A strange and regrettable decision has been taken by the British Transport Police. Today’s Sun on Sunday reports that it has decided to dispense with the services of two special constables, David Davies, the MP for Monmouth, and Philip Hollobone, the MP for Kettering.
Our legislators are often accused of being cut off from ordinary people. It is to Davies and Hollobone’s credit that between them, they have accumulated 15 years’ service as specials: a form of public service very different to being an MP, and certainly a way of experiencing the world from a different angle.
Last year, a new code of ethics was introduced for police officers, which says they “must not take any part in politics”. But chief constables are allowed to exercise discretion in individual cases. It seems, to say the least, a great pity that Paul Crowther, chief constable of the British Transport Police, did not decide to keep Davies and Hollobone.
It happens that the two MPs concerned are Conservatives: but the Sun On Sunday reports that Brian Donohoe, the Labour MP for Central Ayrshire, who is himself a former special, has described the chief constable’s decision as “a mistake”. Mike Penning, the policing minister, has urged a re-think, while Davies himself has said he did not want to leave.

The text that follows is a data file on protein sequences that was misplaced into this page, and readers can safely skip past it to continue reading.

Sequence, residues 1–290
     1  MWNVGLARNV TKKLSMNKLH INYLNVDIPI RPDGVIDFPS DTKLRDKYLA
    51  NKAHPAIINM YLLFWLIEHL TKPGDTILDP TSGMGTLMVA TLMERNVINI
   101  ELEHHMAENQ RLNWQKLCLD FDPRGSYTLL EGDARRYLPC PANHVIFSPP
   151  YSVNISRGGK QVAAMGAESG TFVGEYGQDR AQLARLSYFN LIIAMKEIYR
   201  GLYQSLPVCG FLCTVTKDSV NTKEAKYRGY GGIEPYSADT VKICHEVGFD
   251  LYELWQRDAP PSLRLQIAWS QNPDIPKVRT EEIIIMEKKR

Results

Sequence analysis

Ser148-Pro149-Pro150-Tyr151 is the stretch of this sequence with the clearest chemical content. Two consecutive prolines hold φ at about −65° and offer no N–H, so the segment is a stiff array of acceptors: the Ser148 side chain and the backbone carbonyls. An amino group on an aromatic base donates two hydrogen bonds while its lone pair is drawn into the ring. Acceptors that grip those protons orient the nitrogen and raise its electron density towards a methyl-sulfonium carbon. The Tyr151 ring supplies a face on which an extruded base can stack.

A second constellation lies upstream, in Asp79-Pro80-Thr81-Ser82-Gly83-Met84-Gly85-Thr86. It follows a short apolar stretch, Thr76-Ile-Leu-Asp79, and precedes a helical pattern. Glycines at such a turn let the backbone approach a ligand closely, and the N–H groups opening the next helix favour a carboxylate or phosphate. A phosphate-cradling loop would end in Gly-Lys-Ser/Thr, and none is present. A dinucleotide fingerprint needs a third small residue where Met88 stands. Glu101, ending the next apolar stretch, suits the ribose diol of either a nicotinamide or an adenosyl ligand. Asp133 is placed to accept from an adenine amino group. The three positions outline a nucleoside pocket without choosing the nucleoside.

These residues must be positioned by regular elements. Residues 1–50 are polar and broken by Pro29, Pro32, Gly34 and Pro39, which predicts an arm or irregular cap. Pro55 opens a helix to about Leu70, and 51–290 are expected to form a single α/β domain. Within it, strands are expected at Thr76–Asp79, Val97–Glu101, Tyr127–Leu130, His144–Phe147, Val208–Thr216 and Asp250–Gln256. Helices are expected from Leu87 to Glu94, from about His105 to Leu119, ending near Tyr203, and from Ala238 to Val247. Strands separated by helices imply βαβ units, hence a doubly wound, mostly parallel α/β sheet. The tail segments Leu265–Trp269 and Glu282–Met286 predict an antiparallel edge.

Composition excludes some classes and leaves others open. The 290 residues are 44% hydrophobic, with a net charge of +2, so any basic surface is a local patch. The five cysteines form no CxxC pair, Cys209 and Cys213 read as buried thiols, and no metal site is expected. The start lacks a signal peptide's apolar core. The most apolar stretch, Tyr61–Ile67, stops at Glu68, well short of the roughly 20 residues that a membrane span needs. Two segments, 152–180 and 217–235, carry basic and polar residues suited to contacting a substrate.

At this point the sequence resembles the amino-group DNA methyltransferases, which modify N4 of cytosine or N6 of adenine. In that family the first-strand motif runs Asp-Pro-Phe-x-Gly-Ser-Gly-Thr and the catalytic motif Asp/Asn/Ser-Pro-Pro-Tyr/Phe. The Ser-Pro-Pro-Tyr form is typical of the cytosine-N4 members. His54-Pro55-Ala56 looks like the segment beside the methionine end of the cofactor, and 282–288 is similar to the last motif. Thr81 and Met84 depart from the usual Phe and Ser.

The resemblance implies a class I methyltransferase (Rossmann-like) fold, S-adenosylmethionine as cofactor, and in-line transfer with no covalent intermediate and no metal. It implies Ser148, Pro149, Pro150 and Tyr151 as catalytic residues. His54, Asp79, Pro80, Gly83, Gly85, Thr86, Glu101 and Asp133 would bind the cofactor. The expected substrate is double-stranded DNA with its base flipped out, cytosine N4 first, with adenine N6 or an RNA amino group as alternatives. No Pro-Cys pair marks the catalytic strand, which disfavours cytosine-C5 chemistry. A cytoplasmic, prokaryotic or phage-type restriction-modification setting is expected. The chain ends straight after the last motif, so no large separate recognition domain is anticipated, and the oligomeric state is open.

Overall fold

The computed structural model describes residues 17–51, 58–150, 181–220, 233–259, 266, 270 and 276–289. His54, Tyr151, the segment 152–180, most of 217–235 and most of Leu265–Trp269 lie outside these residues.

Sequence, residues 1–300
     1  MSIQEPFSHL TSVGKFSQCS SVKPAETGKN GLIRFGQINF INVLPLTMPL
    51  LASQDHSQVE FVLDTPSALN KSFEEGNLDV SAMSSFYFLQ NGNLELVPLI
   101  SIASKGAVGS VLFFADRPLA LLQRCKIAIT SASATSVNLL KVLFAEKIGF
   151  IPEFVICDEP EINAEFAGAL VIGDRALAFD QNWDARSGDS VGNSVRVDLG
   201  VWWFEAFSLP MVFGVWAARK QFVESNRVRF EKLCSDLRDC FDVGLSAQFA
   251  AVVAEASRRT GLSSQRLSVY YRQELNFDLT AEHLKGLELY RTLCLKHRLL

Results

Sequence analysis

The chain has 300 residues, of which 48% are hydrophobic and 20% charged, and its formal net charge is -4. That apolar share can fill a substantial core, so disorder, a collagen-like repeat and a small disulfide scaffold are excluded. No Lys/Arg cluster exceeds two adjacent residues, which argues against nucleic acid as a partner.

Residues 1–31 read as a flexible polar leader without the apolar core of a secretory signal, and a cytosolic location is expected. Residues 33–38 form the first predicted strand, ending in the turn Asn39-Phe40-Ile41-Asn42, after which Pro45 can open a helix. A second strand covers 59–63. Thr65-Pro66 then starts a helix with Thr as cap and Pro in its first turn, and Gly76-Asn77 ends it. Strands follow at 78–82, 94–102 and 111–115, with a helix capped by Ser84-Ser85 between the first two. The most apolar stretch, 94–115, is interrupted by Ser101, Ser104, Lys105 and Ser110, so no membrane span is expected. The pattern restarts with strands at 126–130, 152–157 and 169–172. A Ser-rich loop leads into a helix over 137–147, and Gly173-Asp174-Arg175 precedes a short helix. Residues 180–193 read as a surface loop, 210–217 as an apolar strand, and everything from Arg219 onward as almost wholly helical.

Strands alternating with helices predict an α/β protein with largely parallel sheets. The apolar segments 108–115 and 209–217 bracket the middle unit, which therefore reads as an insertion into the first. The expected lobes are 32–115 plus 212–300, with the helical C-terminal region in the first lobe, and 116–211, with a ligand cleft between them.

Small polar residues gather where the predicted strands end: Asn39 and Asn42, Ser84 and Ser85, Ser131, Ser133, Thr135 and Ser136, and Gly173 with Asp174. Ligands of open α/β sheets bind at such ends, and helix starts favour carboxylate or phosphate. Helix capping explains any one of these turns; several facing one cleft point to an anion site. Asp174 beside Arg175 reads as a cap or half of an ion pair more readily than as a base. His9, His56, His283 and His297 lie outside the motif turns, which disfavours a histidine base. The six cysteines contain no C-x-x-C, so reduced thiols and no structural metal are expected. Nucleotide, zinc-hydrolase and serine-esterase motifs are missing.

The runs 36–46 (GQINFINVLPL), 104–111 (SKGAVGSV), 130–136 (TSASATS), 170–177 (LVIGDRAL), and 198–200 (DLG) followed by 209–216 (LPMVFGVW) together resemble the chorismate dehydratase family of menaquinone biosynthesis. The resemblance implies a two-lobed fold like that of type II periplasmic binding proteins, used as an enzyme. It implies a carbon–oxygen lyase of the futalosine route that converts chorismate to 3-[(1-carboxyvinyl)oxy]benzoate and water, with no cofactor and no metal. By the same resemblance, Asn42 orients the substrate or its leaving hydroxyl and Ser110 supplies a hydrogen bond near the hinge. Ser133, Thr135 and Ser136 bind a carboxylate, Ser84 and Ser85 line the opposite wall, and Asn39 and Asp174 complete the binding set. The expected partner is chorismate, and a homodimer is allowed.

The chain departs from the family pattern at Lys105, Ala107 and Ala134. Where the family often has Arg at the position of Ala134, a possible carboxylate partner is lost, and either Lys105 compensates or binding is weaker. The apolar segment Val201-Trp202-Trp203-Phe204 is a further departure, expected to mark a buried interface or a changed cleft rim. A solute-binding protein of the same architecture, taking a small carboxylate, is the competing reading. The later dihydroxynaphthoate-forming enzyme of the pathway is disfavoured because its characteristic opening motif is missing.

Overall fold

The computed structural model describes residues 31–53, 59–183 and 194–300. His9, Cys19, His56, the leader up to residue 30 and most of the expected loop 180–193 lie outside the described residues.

No police officer, whether full-time or part-time, should allow his party political convictions to affect the way he carries out his duties, but there is absolutely no suggestion that these two MPs were doing so. It is ridiculous and unjust to imagine that parliamentarians are unable to behave in a strictly unpartisan manner when carrying out roles which require such conduct. Even at Westminster, they quite often have to do that.
It is no good accusing MPs of being cut off, and then stopping them from serving as specials. This decision should be reversed.